Pubmed du 30/05/09

jeudi 4 juin 2009

1. Rare diseases offer insights into autism spectrum disorders. Preliminary laboratory studies suggest new biological targets for intervention. Harv Ment Health Lett ;2009 (Apr) ;25(10):3.

2. Ager S, Downs J, Fyfe S, Leonard H. Parental experiences of scoliosis management in Rett syndrome. Disabil Rehabil ;2009 (May 19):1-8.

Background. Scoliosis is the most common orthopaedic complication of Rett syndrome. Parents of affected individuals are vital partners in the clinical management of scoliosis and this study explored parental experiences of various aspects of different management options. Methods. Publicly available Rettnet postings informed the development of an online questionnaire about scoliosis and its management in Rett syndrome. Parents of subjects who met the criteria for Rett syndrome participated in a survey using this questionnaire. Results. One hundred and eighty families participated in this study with scoliosis having developed in 135 (75.4%) of subjects. Eighty-four (62.2% of subjects with scoliosis) had received specific treatment for scoliosis while 51 (37.8%) had not. Surgery was perceived as improving the scoliosis in the majority of subjects but had considerable emotional effects for families of subjects who were less severely affected (p = 0.055) or older (p = 0.063). Physiotherapy and bracing were perceived as not reducing the progression of the curve, but physiotherapy was frequently reported to be beneficial to the subject’s quality of life and bracing was frequently associated with side effects such as decreased mobility and problems with pressure. Only half of respondents felt that information about scoliosis provided by clinicians was adequate. Conclusions. The perspectives of parents provided useful insights into the complexities of decision-making regarding scoliosis treatment in Rett syndrome. The provision of scoliosis information by clinicians should be more family-centred.

3. Baron-Cohen S, Scott FJ, Allison C, Williams J, Bolton P, Matthews FE, Brayne C. Prevalence of autism-spectrum conditions : UK school-based population study. Br J Psychiatry ;2009 (Jun) ;194(6):500-509.

BACKGROUND : Recent reports estimate the prevalence of autism-spectrum conditions in the UK to be 1%. AIMS : To use different methods to estimate the prevalence of autism-spectrum conditions, including previously undiagnosed cases, in Cambridgeshire. METHOD : We carried out a survey of autism-spectrum conditions using the Special Educational Needs (SEN) register. A diagnosis survey was distributed to participating schools to be handed out to parents of all children aged 5-9 years. The mainstream primary school population was screened for unknown cases. RESULTS : The prevalence estimates generated from the SEN register and diagnosis survey were 94 per 10 000 and 99 per 10 000 respectively. A total of 11 children received a research diagnosis of an autism-spectrum condition following screening and assessment. The ratio of known:unknown cases is about 3:2 (following statistical weighting procedures). Taken together, we estimate the prevalence to be 157 per 10 000, including previously undiagnosed cases. CONCLUSIONS : This study has implications for planning diagnostic, social and health services.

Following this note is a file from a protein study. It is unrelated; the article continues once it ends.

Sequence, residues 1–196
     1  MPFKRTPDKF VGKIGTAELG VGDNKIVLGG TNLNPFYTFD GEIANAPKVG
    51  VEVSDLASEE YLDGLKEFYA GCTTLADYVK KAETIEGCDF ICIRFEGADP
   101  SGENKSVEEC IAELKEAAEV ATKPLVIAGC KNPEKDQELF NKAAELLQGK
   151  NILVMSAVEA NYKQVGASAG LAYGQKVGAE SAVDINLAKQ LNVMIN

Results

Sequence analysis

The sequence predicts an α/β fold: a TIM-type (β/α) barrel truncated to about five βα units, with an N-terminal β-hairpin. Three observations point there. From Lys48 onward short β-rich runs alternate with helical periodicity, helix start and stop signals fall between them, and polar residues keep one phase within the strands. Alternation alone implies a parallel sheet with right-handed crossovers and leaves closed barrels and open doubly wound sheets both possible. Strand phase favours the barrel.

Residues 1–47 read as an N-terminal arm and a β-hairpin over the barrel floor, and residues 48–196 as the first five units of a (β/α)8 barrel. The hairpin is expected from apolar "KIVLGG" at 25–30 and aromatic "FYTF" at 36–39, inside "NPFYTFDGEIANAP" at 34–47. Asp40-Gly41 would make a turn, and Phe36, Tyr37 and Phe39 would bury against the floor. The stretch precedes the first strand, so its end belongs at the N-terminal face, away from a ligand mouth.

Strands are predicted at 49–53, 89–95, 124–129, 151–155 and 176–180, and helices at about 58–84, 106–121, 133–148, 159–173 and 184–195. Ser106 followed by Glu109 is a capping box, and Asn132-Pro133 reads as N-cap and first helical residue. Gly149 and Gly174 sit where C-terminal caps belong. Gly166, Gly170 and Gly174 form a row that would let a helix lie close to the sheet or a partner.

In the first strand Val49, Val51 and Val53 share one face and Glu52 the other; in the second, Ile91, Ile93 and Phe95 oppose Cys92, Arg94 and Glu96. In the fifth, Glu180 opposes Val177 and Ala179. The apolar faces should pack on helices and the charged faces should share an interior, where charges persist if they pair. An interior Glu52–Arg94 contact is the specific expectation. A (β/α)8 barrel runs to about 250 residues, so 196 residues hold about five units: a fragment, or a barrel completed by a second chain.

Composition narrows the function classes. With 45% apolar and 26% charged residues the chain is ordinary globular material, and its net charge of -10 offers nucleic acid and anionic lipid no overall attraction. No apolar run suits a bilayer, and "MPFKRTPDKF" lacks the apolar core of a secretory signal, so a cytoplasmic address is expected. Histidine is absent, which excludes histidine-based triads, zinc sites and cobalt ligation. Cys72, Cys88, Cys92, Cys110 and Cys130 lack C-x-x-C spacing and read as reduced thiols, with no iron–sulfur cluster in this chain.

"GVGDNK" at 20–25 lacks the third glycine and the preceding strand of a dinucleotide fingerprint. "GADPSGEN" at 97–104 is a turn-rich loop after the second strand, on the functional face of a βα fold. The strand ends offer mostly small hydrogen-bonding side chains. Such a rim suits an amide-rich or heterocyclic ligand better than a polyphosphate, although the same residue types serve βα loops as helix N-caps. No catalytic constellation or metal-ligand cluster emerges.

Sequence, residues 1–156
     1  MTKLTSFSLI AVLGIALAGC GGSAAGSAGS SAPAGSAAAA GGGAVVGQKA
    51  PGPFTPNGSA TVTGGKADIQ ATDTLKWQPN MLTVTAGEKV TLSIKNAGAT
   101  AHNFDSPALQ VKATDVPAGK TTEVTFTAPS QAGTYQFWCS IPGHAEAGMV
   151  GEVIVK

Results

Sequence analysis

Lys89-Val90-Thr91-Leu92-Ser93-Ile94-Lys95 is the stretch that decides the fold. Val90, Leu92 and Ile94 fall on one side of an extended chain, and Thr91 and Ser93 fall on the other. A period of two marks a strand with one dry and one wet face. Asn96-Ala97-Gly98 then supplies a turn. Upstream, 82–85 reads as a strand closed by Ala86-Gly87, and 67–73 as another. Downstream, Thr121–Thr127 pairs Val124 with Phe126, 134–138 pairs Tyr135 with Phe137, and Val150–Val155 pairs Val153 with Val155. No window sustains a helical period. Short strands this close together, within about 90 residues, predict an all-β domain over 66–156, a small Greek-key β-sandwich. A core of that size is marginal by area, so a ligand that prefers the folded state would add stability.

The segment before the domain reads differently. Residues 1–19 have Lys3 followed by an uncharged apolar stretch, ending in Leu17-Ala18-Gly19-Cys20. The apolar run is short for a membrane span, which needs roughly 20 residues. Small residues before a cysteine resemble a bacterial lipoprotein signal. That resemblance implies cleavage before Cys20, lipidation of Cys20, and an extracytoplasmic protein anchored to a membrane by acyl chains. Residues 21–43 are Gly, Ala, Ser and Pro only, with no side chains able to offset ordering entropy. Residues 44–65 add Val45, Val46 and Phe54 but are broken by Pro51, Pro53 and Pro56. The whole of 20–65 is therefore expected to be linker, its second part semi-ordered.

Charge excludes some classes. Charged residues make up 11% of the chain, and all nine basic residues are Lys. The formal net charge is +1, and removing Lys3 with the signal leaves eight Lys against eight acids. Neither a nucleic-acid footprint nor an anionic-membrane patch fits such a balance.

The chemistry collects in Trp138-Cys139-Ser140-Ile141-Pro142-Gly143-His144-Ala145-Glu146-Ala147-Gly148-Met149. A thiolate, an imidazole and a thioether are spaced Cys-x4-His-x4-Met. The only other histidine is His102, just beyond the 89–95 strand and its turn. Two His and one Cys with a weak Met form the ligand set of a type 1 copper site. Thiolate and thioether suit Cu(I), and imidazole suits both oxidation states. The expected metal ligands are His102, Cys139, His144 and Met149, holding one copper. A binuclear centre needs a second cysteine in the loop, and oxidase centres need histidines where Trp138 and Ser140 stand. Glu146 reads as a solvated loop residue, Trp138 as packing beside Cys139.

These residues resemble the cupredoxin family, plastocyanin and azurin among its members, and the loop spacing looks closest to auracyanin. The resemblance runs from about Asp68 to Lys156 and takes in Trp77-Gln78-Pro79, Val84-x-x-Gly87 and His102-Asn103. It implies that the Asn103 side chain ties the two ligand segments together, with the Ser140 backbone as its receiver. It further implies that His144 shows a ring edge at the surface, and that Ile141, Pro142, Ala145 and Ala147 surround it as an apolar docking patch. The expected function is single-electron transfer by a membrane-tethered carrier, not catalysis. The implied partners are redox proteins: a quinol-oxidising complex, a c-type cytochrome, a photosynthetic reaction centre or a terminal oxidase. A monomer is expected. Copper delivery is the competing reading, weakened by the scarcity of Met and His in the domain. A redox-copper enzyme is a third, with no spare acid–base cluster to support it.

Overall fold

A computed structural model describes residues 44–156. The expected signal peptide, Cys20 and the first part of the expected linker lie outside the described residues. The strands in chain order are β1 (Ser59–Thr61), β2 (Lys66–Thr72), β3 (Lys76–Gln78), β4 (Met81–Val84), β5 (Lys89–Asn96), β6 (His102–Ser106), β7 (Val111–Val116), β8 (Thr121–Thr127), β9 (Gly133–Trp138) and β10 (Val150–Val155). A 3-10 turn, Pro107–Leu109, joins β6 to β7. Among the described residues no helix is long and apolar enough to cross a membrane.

4. Bill BR, Geschwind DH. Genetic advances in autism : heterogeneity and convergence on shared pathways. Curr Opin Genet Dev ;2009 (May 26)

The autism spectrum disorders (ASD) are a heterogeneous set of developmental disorders characterized at their core by deficits in social interaction and communication. Current psychiatric nosology groups this broad set of disorders with strong genetic liability and multiple etiologies into the same diagnostic category. This heterogeneity has challenged genetic analyses. But shared patient resources, genomic technologies, more refined phenotypes, and novel computational approaches have begun to yield dividends in defining the genetic mechanisms at work. Over the last five years, a large number of autism susceptibility loci have emerged, redefining our notion of autism’s etiologies, and reframing how we think about ASD.

5. Grether JK, Rosen NJ, Smith KS, Croen LA. Investigation of Shifts in Autism Reporting in the California Department of Developmental Services. J Autism Dev Disord ;2009 (May 29)

We investigated if shifts in the coding of qualifying conditions in the California Department of Developmental Services (DDS) have contributed to the increase in California children with autism observed in recent years. Qualifying condition codes for mental retardation (MR) and autism in DDS electronic files were compared to hard-copy records for samples of children born 1987, 1990, 1994, and 1997. Contrary to expectations, we did not find evidence of a coding shift from "MR only" to "both MR and autism" or an increase in the proportion of children with coded autism who lacked supportive diagnostic documentation in records (possible "misclassifications"). These results indicate that changes in DDS coding practices are unlikely to explain the increase in DDS clients with autism.

6. Gross L. A broken trust : lessons from the vaccine—autism wars. PLoS Biol ;2009 (May 26) ;7(5):e1000114.


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